Beck's 'Guilt' trip is short and gloomy

The Baltimore Sun


Modern Guilt

Sun Grade: B --

Beck seemingly sets out to confound expectations with each album release, bouncing from one extreme to another.

His musical restlessness has always been palpable. Since rising into the pop spotlight with 1994's odd folk-rap hit "Loser," the category-defying singer-songwriter has stitched together elements of disparate styles, often with dynamic results. His work with the Dust Brothers yielded mash-up classics, most notably 1996's Odelay.

With subsequent albums, the Southern California artist has managed to keep things interesting, whether he's exploring lonesome country terrain or neon sound collages that freakishly zip in and out of genres.

On Modern Guilt, his new album in stores today, Beck teams up with fellow eclectic musical shuffler Danger Mouse.

The pairing of the eccentric artist and sample-crafty producer makes sense, especially given the murky undercurrents rippling through their recent work. But the resulting album, though certainly not a bust, is largely underwhelming. Despite darkly evocative lyrical nuggets here and there and finely layered production in some parts, Modern Guilt doesn't burrow as deeply as the title suggests.

The album actually starts on a heavy retro vibe, circa 1966. With its throwback psychedelic rock feel, "Orphans" and "Gamma Ray," the first two cuts, don't sound very modern. In fact, the jittery rhythm and simple, throbbing bass line of the latter have become a rather predictable and overused approach by Danger Mouse, whose real name is Brian Burton.

But afterward, the CD gains momentum and earnestly begins its drift into gauzy melancholia and narcotic paranoia, places Beck has explored before.

"Chemtrails" is a dense standout, bursting mid-song with a cacophony of drum rolls and spooky, atmospherics before ending abruptly. Beck's forlorn vocals float underneath it all as he croons incoherent lyrics about jets crashing: "I can't believe what we've seen outside/You and me watching the jets go down by the sea/So many people/They've already drowned."

Allusions to social bleakness abound. "Walls" is perhaps the most cynical cut on the album. Over a noisy choppy beat, Beck sings nonchalantly about shady foreign policy: "You got warheads stacked in the kitchen/You treat distraction like it's a religion/With a rattlesnake step in your rhythm."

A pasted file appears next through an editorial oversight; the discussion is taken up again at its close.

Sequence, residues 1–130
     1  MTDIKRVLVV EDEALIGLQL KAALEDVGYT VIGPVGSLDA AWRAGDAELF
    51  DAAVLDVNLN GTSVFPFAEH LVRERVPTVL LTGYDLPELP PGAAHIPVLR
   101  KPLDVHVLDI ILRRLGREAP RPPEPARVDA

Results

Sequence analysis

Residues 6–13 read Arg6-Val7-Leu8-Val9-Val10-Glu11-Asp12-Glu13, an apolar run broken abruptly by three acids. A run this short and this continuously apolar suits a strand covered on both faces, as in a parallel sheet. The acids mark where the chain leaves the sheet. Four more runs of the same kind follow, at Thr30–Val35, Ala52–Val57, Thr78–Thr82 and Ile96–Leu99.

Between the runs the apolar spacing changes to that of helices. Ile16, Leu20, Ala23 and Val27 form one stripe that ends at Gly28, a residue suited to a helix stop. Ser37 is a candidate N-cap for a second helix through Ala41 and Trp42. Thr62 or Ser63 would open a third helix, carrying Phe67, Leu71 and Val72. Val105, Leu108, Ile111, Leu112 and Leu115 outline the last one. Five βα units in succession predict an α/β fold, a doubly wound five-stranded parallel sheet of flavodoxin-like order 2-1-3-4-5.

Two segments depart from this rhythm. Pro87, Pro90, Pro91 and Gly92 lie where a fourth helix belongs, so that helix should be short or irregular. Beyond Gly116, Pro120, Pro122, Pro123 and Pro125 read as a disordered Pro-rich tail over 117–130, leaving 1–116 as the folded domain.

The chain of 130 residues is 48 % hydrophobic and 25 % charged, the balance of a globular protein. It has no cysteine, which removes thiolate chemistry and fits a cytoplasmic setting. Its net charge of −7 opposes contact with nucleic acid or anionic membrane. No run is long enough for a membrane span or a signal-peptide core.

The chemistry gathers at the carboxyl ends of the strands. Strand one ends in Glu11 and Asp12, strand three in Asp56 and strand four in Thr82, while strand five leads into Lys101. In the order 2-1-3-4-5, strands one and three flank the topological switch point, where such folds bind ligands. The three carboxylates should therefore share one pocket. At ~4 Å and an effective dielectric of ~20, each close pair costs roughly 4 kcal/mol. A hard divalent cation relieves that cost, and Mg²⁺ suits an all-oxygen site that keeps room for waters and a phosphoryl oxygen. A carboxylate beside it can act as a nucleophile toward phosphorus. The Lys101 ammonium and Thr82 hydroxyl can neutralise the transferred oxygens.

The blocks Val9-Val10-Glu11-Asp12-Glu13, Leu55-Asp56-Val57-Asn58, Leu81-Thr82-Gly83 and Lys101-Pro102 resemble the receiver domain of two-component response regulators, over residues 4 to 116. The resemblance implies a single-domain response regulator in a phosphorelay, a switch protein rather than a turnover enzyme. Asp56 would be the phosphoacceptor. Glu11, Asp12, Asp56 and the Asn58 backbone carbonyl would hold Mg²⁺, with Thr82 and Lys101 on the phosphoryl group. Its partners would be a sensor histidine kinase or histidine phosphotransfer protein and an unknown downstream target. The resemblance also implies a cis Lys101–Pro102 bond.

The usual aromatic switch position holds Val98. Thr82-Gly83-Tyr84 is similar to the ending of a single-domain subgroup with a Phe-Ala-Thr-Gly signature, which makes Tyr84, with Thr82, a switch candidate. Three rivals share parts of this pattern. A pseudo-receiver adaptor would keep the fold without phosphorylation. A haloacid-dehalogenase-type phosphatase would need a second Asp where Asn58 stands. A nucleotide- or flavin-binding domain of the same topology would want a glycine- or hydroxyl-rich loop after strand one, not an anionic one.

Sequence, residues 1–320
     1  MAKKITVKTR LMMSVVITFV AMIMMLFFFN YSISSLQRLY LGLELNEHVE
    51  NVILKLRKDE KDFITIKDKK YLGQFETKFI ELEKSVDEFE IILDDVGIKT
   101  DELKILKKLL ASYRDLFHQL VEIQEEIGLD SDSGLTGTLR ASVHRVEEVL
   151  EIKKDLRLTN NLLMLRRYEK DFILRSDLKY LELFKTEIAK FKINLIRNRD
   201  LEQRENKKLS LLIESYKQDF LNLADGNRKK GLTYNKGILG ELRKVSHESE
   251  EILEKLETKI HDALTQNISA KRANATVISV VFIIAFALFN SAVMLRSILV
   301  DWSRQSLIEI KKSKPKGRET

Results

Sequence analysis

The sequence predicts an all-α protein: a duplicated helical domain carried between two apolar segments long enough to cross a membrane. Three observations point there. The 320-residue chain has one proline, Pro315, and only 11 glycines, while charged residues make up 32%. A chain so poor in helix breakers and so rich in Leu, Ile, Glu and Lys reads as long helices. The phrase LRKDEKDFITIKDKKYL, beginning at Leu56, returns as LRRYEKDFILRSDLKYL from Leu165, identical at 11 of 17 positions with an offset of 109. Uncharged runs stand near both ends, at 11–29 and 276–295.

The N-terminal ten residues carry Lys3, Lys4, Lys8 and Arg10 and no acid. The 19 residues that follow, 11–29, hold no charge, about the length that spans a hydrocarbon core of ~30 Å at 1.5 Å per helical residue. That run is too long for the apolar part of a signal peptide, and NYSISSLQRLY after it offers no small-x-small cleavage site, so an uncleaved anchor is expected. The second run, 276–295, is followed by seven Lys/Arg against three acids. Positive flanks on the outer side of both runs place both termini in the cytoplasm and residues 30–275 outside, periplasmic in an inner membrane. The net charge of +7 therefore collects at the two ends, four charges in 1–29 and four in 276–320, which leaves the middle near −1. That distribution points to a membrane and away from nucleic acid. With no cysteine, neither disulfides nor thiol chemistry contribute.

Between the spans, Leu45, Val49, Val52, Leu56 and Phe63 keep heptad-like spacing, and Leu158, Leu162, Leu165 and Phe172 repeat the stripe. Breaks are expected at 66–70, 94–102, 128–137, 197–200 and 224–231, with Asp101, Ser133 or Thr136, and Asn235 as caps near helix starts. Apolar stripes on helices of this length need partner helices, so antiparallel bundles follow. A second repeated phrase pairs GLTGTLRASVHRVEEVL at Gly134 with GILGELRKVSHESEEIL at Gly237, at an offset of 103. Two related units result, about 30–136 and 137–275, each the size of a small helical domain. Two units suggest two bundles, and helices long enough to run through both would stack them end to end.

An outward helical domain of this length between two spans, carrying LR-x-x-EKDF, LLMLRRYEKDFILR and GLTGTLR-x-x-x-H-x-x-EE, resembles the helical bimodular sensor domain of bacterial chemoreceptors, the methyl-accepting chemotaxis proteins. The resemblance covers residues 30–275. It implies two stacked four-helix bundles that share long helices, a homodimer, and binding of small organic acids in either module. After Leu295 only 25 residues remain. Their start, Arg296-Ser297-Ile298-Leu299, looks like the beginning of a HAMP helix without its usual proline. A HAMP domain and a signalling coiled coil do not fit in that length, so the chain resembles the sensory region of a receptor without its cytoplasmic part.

None of the 10 songs on Modern Guilt extends beyond 4 minutes. The entire album stretches just a little past half an hour. Its brevity is refreshing, especially in an era of overstuffed pop albums. The leanness of the set begs for repeated listens.

But still, Modern Guilt doesn't reveal too much. It's also the last album Beck owes DGC, his label distributed by Universal Records. Perhaps that may partly explain the terseness that permeates the CD.

The collaboration that should have resulted in a wondrously adventurous, kaleidoscopic album ultimately feels too measured and slightly tentative.

But in brilliant flashes, underneath the circling beats and layers of dissonance, Modern Guilt still manages to evoke the gloom and uncertainty of the times.

Download these: "Chemtrails," "Youthless" and "Soul of a Man"

Also anticipated

Outlaw country legend Willie Nelson and jazz titan Wynton Marsalis team up on Two Men with the Blues, a surprisingly spirited and deeply swinging live set of blues and pop standards. Acclaimed rap artist Jean Grae hits the streets with the cleverly titled Jeanius. And, to mark the 30th anniversary of its release, superstar Billy Joel reissues an elaborate four-disc deluxe edition of The Stranger, his 1977 melodic masterpiece.


Hear music from Beck's Modern Guilt at

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